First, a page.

To boost productivity, you need to boost growth. To do that, HM Government needs to give businesses what they need – which is to get out of their way. Britain should ‘get Brexit done and innovate’. This means establishing a new economic model based on innovation. To achieve this we would need to diverge further from the EU.
The UK should scrap the outdated and cumbersome EU regulation on data protection and financial services; out with the EU’s general data protection regulation – a decadent feature in an information age – and in with something that is more suitable for the growth opportunities of Britain’s specialist sector clusters. The competition policy should also be scraped, as it is an inappropriate piece of legislation designed to protect industrial companies in Germany. Alongside that, reform of the financial service regulations is long overdue.
Solving our productivity problem does not require a revolutionary overhaul in the macroeconomic regime. It is entirely down to one thing: regulation. To enhance a phrase: it’s the regulations, stupid.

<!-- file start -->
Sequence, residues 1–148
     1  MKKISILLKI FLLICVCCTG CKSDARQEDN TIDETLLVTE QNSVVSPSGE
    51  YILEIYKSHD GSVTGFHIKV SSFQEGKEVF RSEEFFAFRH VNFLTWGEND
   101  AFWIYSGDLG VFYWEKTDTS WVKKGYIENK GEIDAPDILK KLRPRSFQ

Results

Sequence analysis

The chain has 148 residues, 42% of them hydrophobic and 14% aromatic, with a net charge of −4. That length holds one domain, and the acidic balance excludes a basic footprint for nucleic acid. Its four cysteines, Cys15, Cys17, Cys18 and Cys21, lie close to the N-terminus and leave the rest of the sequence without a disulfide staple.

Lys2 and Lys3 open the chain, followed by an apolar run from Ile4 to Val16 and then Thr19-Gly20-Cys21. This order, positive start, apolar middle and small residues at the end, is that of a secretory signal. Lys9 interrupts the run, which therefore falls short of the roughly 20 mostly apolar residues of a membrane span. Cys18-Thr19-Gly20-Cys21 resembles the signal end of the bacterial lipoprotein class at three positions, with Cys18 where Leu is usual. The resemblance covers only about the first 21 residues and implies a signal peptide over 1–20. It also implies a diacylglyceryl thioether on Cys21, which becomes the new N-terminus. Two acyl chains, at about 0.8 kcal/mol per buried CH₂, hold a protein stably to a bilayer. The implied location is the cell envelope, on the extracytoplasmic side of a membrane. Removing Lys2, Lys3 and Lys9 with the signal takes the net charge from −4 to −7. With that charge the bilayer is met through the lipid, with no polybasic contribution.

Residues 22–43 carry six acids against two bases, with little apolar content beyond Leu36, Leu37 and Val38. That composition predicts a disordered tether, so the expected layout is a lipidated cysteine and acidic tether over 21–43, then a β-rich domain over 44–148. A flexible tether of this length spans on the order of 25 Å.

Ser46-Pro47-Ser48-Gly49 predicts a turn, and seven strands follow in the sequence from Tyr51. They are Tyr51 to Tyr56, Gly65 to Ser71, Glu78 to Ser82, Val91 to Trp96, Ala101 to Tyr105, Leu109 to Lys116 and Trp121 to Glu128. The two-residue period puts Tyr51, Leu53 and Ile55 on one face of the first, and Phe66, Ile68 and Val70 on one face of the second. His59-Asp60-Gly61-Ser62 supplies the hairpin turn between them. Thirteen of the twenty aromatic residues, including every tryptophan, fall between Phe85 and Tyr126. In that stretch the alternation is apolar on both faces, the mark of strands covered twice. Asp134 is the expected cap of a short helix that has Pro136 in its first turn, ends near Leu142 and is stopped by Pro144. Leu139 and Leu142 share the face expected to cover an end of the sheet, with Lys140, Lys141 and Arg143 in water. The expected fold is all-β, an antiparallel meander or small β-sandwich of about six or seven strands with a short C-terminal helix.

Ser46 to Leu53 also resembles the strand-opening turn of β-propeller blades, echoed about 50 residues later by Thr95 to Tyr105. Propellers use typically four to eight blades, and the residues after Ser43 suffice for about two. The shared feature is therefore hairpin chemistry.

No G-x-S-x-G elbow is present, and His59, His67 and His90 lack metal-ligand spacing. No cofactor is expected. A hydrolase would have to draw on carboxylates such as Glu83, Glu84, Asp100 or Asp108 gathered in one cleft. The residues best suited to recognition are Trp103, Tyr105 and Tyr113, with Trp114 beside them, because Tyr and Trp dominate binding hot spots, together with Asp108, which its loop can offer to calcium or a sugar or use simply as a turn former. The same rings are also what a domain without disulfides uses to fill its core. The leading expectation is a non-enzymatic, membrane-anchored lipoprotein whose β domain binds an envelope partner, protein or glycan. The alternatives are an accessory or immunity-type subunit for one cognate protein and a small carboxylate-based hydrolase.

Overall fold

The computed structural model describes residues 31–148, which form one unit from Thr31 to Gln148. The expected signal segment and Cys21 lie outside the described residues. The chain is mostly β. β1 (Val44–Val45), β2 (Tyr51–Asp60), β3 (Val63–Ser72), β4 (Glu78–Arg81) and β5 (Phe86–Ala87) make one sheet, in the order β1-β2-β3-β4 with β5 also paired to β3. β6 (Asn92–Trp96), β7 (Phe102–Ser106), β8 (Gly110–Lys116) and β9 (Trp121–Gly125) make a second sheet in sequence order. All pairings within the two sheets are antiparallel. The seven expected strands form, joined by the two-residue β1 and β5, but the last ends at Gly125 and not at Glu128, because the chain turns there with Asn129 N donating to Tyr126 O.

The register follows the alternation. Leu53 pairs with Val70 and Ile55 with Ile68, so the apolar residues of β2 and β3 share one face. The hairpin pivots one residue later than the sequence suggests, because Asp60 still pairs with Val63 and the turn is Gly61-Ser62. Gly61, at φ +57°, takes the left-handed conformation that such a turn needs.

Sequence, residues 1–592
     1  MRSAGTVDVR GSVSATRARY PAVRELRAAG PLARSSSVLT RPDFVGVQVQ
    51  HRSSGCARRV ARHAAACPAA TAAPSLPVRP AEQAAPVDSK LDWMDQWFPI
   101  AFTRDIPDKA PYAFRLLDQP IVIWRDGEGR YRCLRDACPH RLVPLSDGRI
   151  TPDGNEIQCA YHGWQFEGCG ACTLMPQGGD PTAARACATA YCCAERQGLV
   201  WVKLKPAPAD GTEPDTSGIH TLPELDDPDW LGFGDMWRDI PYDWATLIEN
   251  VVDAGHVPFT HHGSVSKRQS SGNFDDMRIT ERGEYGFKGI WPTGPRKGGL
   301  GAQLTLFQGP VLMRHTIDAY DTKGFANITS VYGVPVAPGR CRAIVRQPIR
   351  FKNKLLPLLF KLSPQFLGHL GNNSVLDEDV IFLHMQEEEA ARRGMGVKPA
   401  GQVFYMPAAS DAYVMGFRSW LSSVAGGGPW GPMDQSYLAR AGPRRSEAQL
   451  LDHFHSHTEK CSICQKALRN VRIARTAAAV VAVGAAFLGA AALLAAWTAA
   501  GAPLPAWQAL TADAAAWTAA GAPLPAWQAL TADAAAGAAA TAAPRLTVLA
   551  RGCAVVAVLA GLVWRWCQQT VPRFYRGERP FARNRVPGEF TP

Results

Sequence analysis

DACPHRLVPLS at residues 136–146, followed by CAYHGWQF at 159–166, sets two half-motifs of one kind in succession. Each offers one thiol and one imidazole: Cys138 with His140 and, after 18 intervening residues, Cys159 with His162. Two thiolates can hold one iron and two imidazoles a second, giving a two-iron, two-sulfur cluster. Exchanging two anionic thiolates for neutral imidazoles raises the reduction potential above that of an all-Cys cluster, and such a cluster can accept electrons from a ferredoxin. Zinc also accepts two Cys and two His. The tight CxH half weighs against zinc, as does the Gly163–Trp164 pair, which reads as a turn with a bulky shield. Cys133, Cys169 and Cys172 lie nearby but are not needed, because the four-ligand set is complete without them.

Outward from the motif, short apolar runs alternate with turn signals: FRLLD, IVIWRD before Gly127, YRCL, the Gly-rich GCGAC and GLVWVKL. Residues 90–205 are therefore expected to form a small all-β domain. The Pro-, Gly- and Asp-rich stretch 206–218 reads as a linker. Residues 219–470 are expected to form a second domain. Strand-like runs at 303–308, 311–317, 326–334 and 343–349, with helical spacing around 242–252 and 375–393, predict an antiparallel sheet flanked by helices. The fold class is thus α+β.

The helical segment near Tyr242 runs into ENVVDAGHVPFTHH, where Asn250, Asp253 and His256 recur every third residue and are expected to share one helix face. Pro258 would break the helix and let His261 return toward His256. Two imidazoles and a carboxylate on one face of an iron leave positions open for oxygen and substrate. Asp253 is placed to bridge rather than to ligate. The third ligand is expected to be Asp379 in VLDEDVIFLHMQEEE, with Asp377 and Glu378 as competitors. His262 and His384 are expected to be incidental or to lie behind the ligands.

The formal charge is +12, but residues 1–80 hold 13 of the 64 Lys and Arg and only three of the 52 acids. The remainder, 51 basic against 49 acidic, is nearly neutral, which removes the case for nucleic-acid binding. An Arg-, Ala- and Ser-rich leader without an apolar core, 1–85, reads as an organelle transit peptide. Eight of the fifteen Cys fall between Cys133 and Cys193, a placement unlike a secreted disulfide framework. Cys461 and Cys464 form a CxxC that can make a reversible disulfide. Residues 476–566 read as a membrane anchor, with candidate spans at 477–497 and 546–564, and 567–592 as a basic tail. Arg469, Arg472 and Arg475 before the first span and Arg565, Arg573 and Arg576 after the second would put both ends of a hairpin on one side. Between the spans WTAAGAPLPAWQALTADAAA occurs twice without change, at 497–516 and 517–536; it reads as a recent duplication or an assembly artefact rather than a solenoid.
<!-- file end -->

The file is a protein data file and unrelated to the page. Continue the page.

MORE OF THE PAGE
James Rowlands, Nationwide Building Society
Everyone needs a home and the inability to access one easily that is suitable and affordable represents a major challenge to British productivity. For too long we have not built enough homes where people want to live, making it more difficult and expensive to move to the places with the best economic opportunities and well-paid jobs. While these areas will have higher land values, more land should be freed up for development by increasing genuine community engagement around developments and providing more funding for local authority planning departments. Furthermore, giving housebuilders certainty over the rules they will operate under, for example clear direction on the Future Homes Standard, would enable them to make long-term investment decisions.